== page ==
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Synchronizing a ball in my pong game

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I know I've seen this topic before (Synchronizing data) but for the life of me I can't seem to find it... Anyways, quick scenario, I've got my pong game networked and working fine except for one issue. The server starts a little while ahead of the client, the server calcs where the ball is and sends it after every move. The client starts late and receives a bunch of old server data, so the ball on the client basically lags behind the server. What's a good way to synchronize the balls, I was thinking it would be nice when the client finally joins to flush the receiving queue... can this be done or is there a better way?... anyways, any advice on a good way to get these sychronized would be appreciated... I'm using sockets in VC++2008... Thanks, Vanz

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Typically, you will use some form of extrapolation based on the server data. If the server says "at time X, the ball was at position Y moving with velocity Z" then you can do dead reckoning on the client to put the ball where it "ought" to be at the current time.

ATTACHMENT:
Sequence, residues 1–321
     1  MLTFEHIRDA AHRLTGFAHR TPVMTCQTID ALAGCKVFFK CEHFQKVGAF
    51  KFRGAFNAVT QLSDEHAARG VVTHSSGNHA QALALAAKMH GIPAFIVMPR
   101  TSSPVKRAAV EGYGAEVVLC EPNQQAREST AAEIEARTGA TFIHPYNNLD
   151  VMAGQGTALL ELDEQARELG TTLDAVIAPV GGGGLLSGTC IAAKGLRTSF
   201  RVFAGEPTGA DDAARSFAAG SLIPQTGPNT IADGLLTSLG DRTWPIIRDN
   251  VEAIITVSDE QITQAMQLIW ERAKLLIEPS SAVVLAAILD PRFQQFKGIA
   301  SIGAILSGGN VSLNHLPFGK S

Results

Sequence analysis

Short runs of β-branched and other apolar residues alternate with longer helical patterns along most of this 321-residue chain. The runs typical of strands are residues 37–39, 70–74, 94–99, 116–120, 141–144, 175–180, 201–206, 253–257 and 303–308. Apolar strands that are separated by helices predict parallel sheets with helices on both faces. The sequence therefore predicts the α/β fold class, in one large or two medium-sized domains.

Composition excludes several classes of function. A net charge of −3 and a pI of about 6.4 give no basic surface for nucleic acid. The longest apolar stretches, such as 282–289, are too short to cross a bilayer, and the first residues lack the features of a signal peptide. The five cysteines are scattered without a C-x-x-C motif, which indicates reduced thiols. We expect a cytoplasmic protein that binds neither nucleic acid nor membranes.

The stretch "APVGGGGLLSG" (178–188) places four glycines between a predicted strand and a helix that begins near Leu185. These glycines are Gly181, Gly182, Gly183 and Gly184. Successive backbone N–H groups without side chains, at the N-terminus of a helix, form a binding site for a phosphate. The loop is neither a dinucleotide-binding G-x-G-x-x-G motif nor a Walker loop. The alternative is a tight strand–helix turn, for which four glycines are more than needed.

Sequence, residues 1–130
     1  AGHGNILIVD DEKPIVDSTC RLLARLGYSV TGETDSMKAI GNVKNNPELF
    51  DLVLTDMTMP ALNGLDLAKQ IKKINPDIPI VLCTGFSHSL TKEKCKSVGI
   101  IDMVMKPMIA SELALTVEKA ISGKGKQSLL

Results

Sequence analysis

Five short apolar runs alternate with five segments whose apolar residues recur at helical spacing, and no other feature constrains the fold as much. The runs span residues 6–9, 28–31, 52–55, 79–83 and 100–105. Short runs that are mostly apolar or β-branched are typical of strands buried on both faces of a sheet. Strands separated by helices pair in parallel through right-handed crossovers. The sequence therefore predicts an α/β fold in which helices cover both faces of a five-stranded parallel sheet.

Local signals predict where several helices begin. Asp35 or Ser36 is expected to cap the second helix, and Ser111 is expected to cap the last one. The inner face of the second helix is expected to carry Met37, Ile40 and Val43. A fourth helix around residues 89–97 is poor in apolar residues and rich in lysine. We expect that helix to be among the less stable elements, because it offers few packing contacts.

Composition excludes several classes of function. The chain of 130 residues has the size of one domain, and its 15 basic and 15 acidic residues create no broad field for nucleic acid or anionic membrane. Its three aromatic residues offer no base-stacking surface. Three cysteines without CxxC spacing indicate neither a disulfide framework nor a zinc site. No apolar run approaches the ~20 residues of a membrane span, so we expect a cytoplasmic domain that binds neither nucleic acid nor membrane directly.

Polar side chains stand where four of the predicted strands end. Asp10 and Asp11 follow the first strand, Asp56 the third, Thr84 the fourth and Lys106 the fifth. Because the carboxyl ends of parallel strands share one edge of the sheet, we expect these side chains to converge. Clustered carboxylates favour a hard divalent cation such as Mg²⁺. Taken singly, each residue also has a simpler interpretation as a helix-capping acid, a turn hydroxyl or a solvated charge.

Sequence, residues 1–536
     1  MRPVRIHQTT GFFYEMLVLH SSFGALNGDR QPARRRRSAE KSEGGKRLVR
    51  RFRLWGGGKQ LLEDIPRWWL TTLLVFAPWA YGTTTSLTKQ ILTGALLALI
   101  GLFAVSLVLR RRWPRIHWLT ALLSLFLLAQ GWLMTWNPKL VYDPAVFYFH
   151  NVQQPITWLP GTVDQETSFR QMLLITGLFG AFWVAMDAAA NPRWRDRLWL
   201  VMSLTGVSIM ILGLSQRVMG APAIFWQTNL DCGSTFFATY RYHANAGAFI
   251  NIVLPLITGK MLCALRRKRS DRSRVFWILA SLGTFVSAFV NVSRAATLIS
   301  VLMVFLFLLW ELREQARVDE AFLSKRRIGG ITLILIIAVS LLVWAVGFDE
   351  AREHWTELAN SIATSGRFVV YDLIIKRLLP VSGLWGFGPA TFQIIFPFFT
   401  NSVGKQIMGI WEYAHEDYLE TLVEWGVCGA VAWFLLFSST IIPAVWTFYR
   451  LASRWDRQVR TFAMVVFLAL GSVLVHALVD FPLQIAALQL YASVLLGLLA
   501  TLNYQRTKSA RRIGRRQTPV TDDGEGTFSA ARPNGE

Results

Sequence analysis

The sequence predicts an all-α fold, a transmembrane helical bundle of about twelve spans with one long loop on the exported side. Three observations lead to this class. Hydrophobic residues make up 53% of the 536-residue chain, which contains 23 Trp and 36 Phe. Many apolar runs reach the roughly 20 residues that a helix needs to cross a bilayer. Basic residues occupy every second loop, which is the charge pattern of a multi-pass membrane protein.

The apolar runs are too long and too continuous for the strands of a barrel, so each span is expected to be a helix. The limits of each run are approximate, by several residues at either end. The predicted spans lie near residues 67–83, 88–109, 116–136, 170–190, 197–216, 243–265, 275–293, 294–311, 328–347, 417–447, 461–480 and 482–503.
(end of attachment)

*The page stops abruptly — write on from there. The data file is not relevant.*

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you are starting to delve into the world of ping and client-side predictions. if it takes 100ms for the data to get to the client no amount of flushing of anything will change the fact that your client will forever be 100ms behind the server, so therefore your client needs to account for the fact that it's behind and calculate the ball position 100ms from where it was last told it was and then let your client run its simulation of the current environment until the server gives it more information, then recalc again.

Really there are at least 2 versions of your game happening. The server has a version which is the judge jury and executioner, and you have your client version which also runs it's own code but doesn't make any changes to anything important and only takes a guess as to where things are situated and their current position etc etc... and when the server sends out a message telling your client some new piece of information your client then updates it's own version of things and takes into account the lag and so on.

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hmm, okay thanks nb, so I have my client calc how far ahead, like 3 or 4 game loops, or does it depend on the ping...i.e ping=120ms, game loop=30ms, calc 4 loops in advance I guess... then when I get a new packet of data I calc again 4 loops in advance every single time... Seems like a lot of calculaing per ever piece of info, may be going 8-10 times in advance per every game loop. For pong it's no big deal but for moving an army of elves I could see a prob...